Running a business today means you have to manage multiple moving parts and react to the changes in real-time.
Not only do you have to handle the many variables throughout the supply chain but you also need to have full visibility into how market demand and consumer behaviors affect product planning and development so you can stay relevant and competitive in the marketplace.
In order to increase accuracy and efficiency, you need a unified platform for business process management. The use of an enterprise resource planning (ERP) system is the key to improving business performance for many organizations.
At first glance, the many functions performed by an ERP system is very similar to those of an eCommerce platform. However, it doesn't mean an eCommerce software should be used to replace an ERP platform and here's why:
The Differences Between an Enterprise Resource Planning (ERP) System and an eCommerce Platform
While an ERP system may seem very similar to an eCommerce platform, they actually work quite differently and are designed to serve different purposes.
An eCommerce platform covers customer-facing processes such as sales, marketing, delivery, and customer service. It handles the buying and selling of goods (e.g., business-to-business, business-to-consumer, consumer-to-consumer or consumer-to-business,) with features that are designed to support sales strategies and focus on increasing revenues.
Meanwhile, an ERP system not only incorporates eCommerce functions but also covers internal processes such as procurement, supply chain management, warehousing, inventory management, product development, customer relationships management (CRM), finance, accounting, and human resources.
An ERP system is a business process management tool that integrates various applications for managing business operations and automating back-office functions. It helps streamline complex internal processes with the aim of improving efficiency and productivity while reducing cost.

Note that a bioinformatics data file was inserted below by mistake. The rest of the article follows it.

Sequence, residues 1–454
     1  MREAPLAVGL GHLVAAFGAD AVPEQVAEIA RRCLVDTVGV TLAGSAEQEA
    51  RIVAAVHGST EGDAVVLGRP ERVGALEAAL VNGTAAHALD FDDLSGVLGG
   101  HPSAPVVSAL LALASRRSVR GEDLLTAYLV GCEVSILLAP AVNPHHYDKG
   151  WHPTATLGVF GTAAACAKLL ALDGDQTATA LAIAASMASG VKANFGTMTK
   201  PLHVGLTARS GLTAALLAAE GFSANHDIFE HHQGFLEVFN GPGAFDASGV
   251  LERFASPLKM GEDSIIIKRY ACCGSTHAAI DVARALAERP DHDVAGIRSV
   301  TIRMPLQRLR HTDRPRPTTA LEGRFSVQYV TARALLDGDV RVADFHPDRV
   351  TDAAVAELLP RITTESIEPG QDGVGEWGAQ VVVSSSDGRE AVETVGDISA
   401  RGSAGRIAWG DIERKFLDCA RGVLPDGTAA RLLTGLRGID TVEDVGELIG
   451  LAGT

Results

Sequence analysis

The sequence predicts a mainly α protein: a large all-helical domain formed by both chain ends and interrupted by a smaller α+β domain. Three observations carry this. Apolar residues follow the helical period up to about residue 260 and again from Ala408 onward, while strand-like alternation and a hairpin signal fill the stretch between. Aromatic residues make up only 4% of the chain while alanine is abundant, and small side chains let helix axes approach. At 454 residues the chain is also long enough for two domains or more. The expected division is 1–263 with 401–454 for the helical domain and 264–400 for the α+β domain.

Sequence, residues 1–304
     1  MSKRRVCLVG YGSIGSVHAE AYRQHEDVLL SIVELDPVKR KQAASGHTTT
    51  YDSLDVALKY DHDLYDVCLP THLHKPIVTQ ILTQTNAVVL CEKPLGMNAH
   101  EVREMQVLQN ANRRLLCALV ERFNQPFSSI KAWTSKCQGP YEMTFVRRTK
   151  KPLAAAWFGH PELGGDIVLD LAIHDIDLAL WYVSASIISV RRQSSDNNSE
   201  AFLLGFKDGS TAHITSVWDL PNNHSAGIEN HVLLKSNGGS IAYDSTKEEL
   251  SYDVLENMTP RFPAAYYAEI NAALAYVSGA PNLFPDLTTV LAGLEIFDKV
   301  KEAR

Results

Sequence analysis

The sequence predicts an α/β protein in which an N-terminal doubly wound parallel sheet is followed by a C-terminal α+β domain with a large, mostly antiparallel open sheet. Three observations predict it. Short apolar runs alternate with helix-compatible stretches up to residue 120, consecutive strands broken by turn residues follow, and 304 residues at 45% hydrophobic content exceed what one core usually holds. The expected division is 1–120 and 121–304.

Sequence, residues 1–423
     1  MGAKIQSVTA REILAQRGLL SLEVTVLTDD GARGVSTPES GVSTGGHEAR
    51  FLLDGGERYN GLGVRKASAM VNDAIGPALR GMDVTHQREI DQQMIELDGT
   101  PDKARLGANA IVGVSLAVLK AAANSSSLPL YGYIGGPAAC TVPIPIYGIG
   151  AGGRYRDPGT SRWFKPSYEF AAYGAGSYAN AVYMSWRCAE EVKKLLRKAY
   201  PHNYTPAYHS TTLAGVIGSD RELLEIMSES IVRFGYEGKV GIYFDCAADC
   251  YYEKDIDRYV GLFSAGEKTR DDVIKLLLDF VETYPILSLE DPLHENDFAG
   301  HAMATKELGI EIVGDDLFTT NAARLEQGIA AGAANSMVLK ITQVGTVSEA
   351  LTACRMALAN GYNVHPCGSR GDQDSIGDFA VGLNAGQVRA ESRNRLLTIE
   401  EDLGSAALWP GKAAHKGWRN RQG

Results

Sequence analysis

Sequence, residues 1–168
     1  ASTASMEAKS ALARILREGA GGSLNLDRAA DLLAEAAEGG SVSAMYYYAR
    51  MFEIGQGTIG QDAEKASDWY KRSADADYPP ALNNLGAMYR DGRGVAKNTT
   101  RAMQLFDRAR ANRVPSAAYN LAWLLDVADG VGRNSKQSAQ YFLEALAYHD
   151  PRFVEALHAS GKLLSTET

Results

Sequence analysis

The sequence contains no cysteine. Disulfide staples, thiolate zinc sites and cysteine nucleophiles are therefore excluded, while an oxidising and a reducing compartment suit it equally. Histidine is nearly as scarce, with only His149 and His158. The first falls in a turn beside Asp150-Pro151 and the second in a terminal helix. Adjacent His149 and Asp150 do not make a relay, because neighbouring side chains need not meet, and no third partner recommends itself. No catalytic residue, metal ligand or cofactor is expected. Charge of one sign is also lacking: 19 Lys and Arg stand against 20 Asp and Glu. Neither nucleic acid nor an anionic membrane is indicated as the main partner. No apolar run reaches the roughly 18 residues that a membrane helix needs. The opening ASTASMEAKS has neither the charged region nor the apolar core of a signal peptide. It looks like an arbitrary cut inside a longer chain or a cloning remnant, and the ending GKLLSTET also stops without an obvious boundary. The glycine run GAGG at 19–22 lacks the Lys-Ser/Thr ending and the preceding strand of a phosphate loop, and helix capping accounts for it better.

Why eCommerce Platform Isn't a Substitute For an ERP Solution
While many eCommerce platforms are very robust and offer features that can manage the various aspects of running an online store, you shouldn't use it to replace an ERP system. This is particularly true for B2B merchants that need to handle complex procurement and purchasing processes.
ERP solutions offer some key functions that aren't covered by eCommerce platforms. Here's why an eCommerce software shouldn't be used in the place of an ERP system:
Transparency and Visibility
An ERP system manages the supply chain, fulfillment, finances, and more. It allows you to collect data and provides reporting on every facet of the business, including payments, delivery status, inventory, supplier relationships, and customer details.
It offers detailed analytics that integrate all the various aspects involved in key business processes so management can gain real-time business intelligence to aid data-driven decision-making.
On the other hand, reporting on eCommerce platforms are limited to sales and marketing analytics and doesn't offer visibility into how the data integrates with other business functions.
ERP systems enable users to manage workflow across the entire supply chain, coordinating various internal departments and external vendors involved in the process. In particular, the ability to automate manual and repetitive tasks can vastly improve efficiency.
The transparency allows you to analyze processes so you can standardize and automate various workflows. This can help increase efficiency, ensure coherent procedures, eliminate bottlenecks, reduce overhead, lower administrative cost, incorporate industry best practices, enforce compliance, and minimize errors.
While many eCommerce platforms enable automation, they simply don't cover as many business functions within the supply chain or back-office processes to allow for seamless integration across the entire organization.
Many of today's ERP systems follow a modular structure so you can mix and match applications that are most relevant to your organization without paying for capabilities that you don't need. You can put together a system that works for your company while managing all the needed functions on a unified platform.